Edward G Hallett

Longfield Road, Twyford

Damning judgement

Sir, — I have now had the opportunity to study the summary of the Appeal Court judgement on Wokingham Borough Council’s failed request for leave to appeal against a crown court judge’s decision that it acted unfairly in prosecuting Hare Hatch Sheeplands owner Rob Scott (Standard, Februay 15).

I am disgusted and concerned at the findings.

The judgement shows that the council acted in an inappropriate manner towards Mr Scott and the other respondents at great cost to the Wokingham council taxpayers.

It is clear from the judgement that several councillors and council staff made various incorrect decisions in pursuing the prosecution.

The judgement says: “We have heard nothing to justify the decision to prosecute at least 10 of the respondents after the injunctive relief was granted.”

It goes on to say: “We also have concerns about the approach taken by the council to selecting those to be prosecuted.”

Later, it states: “It is clear from all the material before us that the planning department at the council were well aware of the involvement of the elected councillors and hopeful that they would be able to negotiate a fair settlement.

“ It ill lies in the mouth of the council now to complain that the judge bore in mind all that was said and done by the councillors.

“Mr Scott was led to believe that they were acting with the support and authority of the council. In any event, the evidence did not begin and end with the councillors. Officers in the planning department played their own part in the negotiations.”

In fact, all the way through the judgement — and I could quote many other sections — the decisions made by councillors and staff were clearly flawed and prejudiced against Mr Scott.

As a result of this damning judgement, I am making — as a Wokingham council taxpayer — a formal request that the council carries out an independent inquiry into this case and takes appropriate action on the findings. — Yours faithfully,

Frank Moore

Thornbers Way, Cahrvil

Compassion or reality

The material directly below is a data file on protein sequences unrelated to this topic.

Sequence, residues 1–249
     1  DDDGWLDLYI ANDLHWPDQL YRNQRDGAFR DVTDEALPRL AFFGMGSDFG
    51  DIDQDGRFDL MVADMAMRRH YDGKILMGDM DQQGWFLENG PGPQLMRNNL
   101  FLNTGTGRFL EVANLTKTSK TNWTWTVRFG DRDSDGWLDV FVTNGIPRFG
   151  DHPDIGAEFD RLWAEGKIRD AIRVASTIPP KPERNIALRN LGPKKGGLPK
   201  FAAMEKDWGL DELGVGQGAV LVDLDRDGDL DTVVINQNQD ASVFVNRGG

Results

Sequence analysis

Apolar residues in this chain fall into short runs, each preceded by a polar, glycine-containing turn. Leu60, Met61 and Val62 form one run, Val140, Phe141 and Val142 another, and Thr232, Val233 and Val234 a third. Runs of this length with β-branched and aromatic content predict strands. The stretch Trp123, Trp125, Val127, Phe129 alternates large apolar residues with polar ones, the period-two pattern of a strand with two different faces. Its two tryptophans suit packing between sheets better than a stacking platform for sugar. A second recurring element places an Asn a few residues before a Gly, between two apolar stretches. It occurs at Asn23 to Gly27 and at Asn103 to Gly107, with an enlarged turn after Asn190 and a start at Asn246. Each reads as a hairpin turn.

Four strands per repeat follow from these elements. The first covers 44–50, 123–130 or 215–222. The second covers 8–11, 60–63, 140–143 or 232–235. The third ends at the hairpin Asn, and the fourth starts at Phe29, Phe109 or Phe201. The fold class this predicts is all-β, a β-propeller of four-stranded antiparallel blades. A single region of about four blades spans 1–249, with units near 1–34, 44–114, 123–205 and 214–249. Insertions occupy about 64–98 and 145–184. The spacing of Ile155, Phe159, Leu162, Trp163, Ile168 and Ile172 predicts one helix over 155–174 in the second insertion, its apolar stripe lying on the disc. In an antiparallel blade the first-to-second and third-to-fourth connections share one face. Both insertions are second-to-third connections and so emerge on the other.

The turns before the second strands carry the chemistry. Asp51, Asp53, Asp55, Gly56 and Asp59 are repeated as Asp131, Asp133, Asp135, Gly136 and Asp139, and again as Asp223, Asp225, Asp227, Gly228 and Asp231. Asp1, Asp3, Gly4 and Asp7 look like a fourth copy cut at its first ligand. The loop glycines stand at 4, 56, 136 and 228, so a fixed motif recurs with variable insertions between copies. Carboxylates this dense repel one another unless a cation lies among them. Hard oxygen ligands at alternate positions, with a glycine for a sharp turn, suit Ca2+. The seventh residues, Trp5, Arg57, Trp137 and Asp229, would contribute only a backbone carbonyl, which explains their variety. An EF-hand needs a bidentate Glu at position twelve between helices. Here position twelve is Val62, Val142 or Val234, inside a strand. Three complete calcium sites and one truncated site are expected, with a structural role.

Sir, — I disagree with John Cook’s Thought for the Week (Standard, March 1) on a number of points.

First, is not “Father give me my part of the estate” more likely to be a plea for independence rather than a desire to see his father dead?

Secondly, he may have squandered his worldly goods as many a thoughtless youth might but he did not leave in order to join an inhumane, ISIS-like organisation.

Finally, he realised the error of his ways and deeply regretted what he had done, which Shamima Begum has not.

The home to which God welcomes the sinner is presumably heaven. Unfortunately, he is not the one here on earth having to take such incredibly difficult decisions now.

Remember, too, that the Christian heaven is not the only one on offer; were it so we would not have so many prepared to martyr themselves for their view of the Koran.

My sympathy is for Shamima Begum’s child but even more so for those mothers and children who from no choice of their own are suffering from the activities of ISIS and do not have the fallback position to which she feels entitled. I feel our support should be given to those trying to deal with an exceedingly difficult problem.

At some point we must be held responsible for our actions.

Whatever “hereafter” there may be, for now we must find a way between compassion and a realistic appraisal of what her return to this country involves. — Yours faithfully,

Ann Law

Binfield Heath

Student is a softy!

Sir, — I see Henley College student Timi Avduli thinks school/college should start at 10am because he doesn’t feel “100 per cent awake” until later in the morning” (Standard, February 22).

Poor little soul, just wait until you have to work for a living. What a softy! — Yours faithfully,

Mrs J Hadley

Leaver Road, Henley